My students are selfie experts; somehow, through practice, they have discovered the perfect angle, the right light, the exact method to fit ten people into one frame—while still managing to make their head look normal-sized. In those fleeting snapshots, they capture the essence of who they are (or at times who they want to be), if only for a second.
I believe that the books we read can serve as small photographs of our hopes, dreams, desires, and curiosities. They provide a snapshot of who we were, who we are, or who we want to become.
As a final project, my AP Literature and Composition students completed an “ideal bookshelf,” inspired by the book My Ideal Bookshelf and a quick write I completed in Penny Kittle’s summer class two years ago. The assignment was relatively simple—create your own ideal bookshelf of the books that “represent you—the books that have changed your life, that have made you who you are today, your favorite favorites” (La Force xi). Since this is an AP Literature class, I added a twist—I wanted students to stock their shelves with books that not only transformed them as a person, but also developed them as a reader.
As each student presented on their shelf, they transformed from self-assured seniors to wide-eyed children who relayed the story of the first book they had ever fallen in love with. Many of them spoke of how they either found or developed their passion for art,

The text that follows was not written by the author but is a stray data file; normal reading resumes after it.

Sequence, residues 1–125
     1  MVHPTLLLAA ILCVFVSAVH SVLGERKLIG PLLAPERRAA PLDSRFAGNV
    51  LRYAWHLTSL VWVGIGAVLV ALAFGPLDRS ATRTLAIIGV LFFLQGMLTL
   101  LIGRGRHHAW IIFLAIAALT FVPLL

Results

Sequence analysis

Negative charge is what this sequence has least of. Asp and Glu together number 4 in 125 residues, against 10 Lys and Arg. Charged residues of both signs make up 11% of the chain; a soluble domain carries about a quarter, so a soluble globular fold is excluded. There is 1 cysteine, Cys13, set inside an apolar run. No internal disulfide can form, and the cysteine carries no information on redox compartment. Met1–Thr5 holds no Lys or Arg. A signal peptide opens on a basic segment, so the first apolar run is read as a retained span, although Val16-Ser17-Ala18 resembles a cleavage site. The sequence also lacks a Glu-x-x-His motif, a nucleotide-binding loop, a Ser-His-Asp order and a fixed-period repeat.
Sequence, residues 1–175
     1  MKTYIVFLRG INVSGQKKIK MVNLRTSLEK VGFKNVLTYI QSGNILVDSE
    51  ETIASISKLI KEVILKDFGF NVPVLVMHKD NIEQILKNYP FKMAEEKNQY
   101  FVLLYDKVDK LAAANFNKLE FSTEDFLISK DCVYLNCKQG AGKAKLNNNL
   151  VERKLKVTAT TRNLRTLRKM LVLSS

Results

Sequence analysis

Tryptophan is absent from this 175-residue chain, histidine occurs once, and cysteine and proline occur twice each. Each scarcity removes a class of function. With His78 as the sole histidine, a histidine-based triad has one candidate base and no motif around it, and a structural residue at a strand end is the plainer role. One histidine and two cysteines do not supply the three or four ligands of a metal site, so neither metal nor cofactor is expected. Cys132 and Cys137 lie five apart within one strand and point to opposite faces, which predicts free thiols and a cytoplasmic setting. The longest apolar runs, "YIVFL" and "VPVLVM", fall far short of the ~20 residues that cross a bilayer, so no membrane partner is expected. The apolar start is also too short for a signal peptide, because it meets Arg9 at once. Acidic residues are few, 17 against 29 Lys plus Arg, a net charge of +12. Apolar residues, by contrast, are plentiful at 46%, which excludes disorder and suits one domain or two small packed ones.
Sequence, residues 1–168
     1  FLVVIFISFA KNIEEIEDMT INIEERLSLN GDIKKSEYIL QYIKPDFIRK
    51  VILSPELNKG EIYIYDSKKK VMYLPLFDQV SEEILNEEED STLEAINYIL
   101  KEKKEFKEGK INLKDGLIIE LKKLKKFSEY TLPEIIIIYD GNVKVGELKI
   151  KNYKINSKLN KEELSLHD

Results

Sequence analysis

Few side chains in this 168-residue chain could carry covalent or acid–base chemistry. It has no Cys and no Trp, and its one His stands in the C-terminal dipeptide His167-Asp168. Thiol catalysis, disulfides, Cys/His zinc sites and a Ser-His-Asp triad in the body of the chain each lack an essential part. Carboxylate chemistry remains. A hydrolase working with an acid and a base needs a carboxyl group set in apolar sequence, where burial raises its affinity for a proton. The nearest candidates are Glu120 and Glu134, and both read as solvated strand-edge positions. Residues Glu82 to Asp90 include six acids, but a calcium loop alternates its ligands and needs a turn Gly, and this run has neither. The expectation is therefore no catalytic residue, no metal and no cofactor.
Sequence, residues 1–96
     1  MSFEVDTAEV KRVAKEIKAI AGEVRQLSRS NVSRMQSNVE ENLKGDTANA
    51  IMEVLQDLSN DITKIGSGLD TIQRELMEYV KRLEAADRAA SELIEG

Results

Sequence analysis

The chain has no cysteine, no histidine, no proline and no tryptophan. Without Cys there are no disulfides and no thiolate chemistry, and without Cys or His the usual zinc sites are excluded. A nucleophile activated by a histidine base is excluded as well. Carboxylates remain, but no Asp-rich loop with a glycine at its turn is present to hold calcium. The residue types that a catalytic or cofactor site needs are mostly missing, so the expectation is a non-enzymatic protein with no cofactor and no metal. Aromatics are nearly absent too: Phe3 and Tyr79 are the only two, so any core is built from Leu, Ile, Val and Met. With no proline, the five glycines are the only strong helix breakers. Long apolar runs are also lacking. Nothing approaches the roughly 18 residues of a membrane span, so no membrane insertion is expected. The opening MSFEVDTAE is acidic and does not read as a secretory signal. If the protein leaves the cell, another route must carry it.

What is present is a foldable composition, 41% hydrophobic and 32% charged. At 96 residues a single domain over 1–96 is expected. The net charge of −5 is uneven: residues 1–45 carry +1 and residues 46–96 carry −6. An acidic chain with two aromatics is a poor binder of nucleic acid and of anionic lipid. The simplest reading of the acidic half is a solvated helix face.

coaching, theatre, computers, and physics through books they had found over 18 years. The books they listed did more than just challenge them as readers; these books had the power to inspire, entertain, and heal. As Claudia wrote about The Sisterhood of the Traveling Pants, “I have no real idea what is so special about it, but I’m not going to question its magical powers when it does so much good for me.”
What I loved most is how these shelves found life through details; Julia’s shelf held her drawing notebook, Cam’s his favorite cookbook, and Payton’s was adorned with her grandmother’s locket, which she uses as a bookmark. Some shelves were neat and orderly, perfectly stacked, while others, like Sammie’s were a bit more scattered. As Sammie put it, “I don’t know what I want to do as a profession; I am still figuring it out. That partially explains the disarray that is my bookshelf. I couldn’t decide which would be more practical, stacking or leaning. The result is a bookshelf with a little bit of both.”
As my seniors complete the next three weeks and begin the process of preparing for college, I want them to walk away with the writing and analytical skills we’ve honed all year, but more than anything, I want them to remember why they fell in love with reading in the first place. I want them to question why books are powerful and understand that the universality of a novel’s message can change readers. I want them to read for knowledge and depth and challenges, but I also want them to accept that not everything needs to be analyzed, dissected or picked apart. In fact, sometimes we read for escapism, for love, for adventure. For many, this might be the last English class they take. Hopefully, it is only the start of a lifetime of reflective reading and ideal bookshelves.